During the final decade of the German Democratic Republic (GDR), young citizens found themselves at the heart of a rigorous programme of socialist patriotic education, yet following the fall of the Berlin Wall, the emphasis of official state rhetoric, textbooks and youth activities changed beyond recognition. For the young generation growing up during this period, ‘normality’ was turned on its head, leaving a sense of insecurity and inner turmoil. Using a combination of archival research, interviews, educational materials and government reports, this book examines the relationship between young people and their two successive states in East(ern) Germany between 1979 and 2002. This time-span straddles the 1989/1990 caesura which often delimits historical studies, and thus enables not only a detailed examination of GDR socialisation, but, crucially, its influence in unified Germany. Exploring the extent to which a young generation's loyalties can be officially regulated in the face of cultural and historical traditions, changing material conditions and shifting social circumstances, the book finds GDR socialisation to be influential to post-unification loyalties through its impact on the personal sphere, rather than through the official sphere of ideological propaganda. This study not only provides insight into the functioning of the GDR state and its longer-term impact, but also advances our broader understanding of the ways in which collective loyalties are formed.
This introductory chapter discusses the theme of this volume, which is about youth patriotism in the GDR. It examines the relationship between young East(ern) Germans and two German states (the GDR and post-unification Germany) during a period of unique change and explores the extent to which each state has attempted to form a young generation loyal to its image and ideology, and how, in turn, young people have responded. It also investigates the loyalties of young people before and after unification in equal measure and considers the government's educational programmes to promote patriotism.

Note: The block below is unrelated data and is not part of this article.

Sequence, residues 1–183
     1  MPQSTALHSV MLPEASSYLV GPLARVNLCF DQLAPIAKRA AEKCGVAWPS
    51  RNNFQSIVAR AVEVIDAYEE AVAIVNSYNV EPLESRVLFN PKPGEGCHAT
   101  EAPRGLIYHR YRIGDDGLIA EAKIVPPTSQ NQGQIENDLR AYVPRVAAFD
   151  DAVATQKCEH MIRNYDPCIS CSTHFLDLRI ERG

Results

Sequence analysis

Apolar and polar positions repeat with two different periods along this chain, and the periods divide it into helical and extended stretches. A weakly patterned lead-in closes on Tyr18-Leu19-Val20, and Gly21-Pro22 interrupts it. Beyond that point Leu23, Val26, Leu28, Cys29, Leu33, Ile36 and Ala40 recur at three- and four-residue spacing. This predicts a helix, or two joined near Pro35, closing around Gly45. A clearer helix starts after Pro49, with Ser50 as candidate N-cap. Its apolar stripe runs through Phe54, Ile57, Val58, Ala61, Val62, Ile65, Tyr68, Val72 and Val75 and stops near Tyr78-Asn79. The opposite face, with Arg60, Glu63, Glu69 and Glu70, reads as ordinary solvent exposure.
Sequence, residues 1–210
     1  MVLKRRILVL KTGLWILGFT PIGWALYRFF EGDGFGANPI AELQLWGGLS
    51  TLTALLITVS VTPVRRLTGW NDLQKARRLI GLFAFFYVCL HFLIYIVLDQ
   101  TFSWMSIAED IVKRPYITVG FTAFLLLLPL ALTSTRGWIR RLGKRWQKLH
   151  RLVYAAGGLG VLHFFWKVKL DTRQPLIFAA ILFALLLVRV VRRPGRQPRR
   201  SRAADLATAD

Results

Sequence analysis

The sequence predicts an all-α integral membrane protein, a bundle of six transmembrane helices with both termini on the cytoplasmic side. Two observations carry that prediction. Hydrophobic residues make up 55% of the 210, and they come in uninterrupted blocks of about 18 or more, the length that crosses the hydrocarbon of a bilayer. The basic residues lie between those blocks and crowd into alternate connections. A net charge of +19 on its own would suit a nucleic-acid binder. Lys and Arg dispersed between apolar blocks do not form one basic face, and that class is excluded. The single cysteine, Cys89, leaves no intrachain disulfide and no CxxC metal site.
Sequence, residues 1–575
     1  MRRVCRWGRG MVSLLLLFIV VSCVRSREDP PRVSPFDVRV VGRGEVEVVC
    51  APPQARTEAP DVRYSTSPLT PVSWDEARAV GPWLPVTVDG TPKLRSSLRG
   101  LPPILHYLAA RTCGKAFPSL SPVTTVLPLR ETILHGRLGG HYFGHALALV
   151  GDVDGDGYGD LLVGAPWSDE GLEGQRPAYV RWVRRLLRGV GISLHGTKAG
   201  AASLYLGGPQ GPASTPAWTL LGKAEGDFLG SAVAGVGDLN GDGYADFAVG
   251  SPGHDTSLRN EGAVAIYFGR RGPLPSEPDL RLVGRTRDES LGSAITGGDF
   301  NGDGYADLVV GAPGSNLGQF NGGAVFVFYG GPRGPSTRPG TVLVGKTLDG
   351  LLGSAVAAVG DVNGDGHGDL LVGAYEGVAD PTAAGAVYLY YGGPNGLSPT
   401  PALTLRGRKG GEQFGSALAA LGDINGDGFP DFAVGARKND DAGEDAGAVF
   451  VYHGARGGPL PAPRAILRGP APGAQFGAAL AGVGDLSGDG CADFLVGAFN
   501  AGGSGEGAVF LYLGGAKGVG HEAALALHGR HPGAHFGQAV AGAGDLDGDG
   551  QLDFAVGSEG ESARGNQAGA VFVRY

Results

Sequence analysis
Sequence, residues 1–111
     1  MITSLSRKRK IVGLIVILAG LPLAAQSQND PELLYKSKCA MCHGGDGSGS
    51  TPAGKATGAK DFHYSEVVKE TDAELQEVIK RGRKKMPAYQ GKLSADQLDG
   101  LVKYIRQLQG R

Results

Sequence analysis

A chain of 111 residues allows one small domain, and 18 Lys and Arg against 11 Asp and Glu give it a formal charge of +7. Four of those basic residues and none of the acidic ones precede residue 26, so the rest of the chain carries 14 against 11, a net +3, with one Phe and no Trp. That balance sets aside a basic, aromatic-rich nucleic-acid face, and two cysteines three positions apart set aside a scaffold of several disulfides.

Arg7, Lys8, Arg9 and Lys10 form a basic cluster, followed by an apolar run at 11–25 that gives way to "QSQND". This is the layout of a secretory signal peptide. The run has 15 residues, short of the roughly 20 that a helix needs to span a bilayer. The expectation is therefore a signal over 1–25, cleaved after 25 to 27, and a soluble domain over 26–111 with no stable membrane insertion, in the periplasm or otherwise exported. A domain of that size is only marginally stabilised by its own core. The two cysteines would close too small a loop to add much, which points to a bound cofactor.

This chapter examines the specific parameters of patriotism in post-war Germany and the GDR's patriotic programme of the 1980s. It discusses how the state attempted to play off the evils of the imperialist world against the assets of socialism in order to create what was often referred to as ‘socialism in the colours of the GDR’ and describes how the five distinct elements of patriotic education combined to encourage the formation of a patriotic youth. This chapter suggests that the GDR's patriotic programme was relatively successful given the high membership rates in the Free German Youth (FDJ), the demonstrations of apparent loyalty at national anniversaries and the widespread acceptance of the Jugendweihe.
This chapter characterizes youth identity in the GDR during the 1980s. It evaluates the extent to which young people in the 1980s accepted and rejected the Socialist Unity Party's (SED) patriotic programme and examines the way in which patriotic behaviour evolved during this decade in the face of intensified propaganda. The analysis reveals that identity formation amongst young people in the GDR was clearly a complex and multi-faceted phenomenon and that in many ways, it was the elements outside state control which gained most influence over young people's attitudes.
This chapter explores the ways in which young people revised their loyalties towards the GDR and the Federal Republic of Germany (FRG) during the period from October 1989 to October 1990. It analyses how loyalty to each state developed in the absence of any officially sponsored patriotic programme. The analysis indicates that the relationship of young people towards the GDR and the future of Germany over this single year was far from constant, reflecting the social and political turbulence of the time. The result also suggests that young East Germans' patriotic attachments and sense of national identity during this period appeared at their weakest at the very moment when the official German nation was supposedly celebrating its greatest triumph.
This chapter examines the longer-term effects of patriotic education in the GDR and its influence in united Germany in order to understand better the nature of both the GDR state and the concept of patriotism. While young east Germans rapidly adapted to western lifestyles in Germany, many of them maintained a critical stance towards the society of united Germany through their political behaviour and support of ‘eastern’ values. The attitudes of young people demonstrate that patriotism and civic unity cannot be imposed from above, but are instead formed through personal experiences on the local level.
Death of the GDR – rebirth of an eastern identity?
This chapter sums up the key findings of this study on youth patriotism in the GDR. The attitudes of young east Germans exemplify the unease that surrounds the expression of patriotic pride in contemporary Germany even though they often have little personal memory of divided Germany and none of national socialism. Individuals' personal experiences of employment, and education or military service have proved more influential in their assessment of each state than any official rhetoric or propaganda.